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The Telegraph
 
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BLACK HOLE

West Bengal has one area of growth: crime. This is not entirely unexpected since most avenues of employment and legal income generation are blocked because of the absence of any major investment in the state. The spurt in crime is manifest in the violence and growing lawlessness on the streets of Calcutta and other small towns. One particular type of crime, which is witnessing a remarkable increase, is the harassment and molestation of women. Calcutta at night is no longer a safe place , not only to walk in but even to move around in a car. Large areas of the city are taken over at night by hooligans, most of whom are mounted on motorcycles. Given that the prevailing circumstances are unlikely to change in a hurry, conditions are likely to deteriorate and worsen.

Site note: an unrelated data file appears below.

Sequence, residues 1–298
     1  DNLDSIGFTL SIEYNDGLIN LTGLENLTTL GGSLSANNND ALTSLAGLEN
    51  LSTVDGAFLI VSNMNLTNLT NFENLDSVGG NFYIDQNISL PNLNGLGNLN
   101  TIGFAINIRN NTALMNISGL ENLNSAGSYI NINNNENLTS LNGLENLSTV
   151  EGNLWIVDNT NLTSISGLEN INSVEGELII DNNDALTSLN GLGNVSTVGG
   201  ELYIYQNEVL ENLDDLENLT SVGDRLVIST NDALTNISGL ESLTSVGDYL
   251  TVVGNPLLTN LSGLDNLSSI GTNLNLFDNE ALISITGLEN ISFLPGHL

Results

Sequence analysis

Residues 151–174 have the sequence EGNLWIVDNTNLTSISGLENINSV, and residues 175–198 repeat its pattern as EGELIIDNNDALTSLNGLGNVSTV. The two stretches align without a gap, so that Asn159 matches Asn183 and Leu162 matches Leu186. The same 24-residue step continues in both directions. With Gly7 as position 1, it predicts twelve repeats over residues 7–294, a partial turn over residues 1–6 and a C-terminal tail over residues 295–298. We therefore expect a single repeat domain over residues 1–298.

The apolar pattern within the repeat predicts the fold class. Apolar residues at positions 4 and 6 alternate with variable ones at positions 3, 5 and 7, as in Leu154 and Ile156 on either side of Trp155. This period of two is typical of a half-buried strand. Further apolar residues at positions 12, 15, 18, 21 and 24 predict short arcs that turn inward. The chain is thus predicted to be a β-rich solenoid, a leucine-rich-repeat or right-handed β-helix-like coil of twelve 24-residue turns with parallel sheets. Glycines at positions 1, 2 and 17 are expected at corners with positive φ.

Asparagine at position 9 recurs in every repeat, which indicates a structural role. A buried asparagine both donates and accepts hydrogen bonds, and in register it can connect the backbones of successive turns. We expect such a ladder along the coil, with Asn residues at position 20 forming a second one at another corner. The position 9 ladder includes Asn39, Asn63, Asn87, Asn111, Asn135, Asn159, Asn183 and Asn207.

Violence is nothing new to Calcutta and West Bengal. It has been a feature of the state’s political culture since the late 1960s. Every important political formation has always had — and continues to have — its own army of hooligans. This army survives on the patronage it receives from powerful politicians and political parties. And because of this patronage and support the police force is unwilling to take any action against these habitual offenders. The word “unwilling” is deliberately used since there is nothing that actually stops the police if they want to perform their duties. Under the present dispensation, this lawlessness has acquired a new salience. What is becoming apparent is that not only do important leaders of the ruling party support and protect the law breakers (the previous regime did the same) but also that many leaders are of the army referred to above. This has engendered the ambience in which criminals and molesters of women have come to believe that it is possible to get away with anything in West Bengal. Thus the green signal for crime to thrive. The situation is aggravated by the complacency of the police. In spite of the many horror stories about molestation of women in Calcutta and the police’s inactivity, the city’s police commissioner could say with a straight face that “the situation is not that bad”. It should be asked of the police commissioner what in his opinion is a bad situation. The complete surrender of the police to their political masters (again not a new phenomenon) and the not-so-tacit support of the ruling party to law-breakers are pulling West Bengal to the lower depths.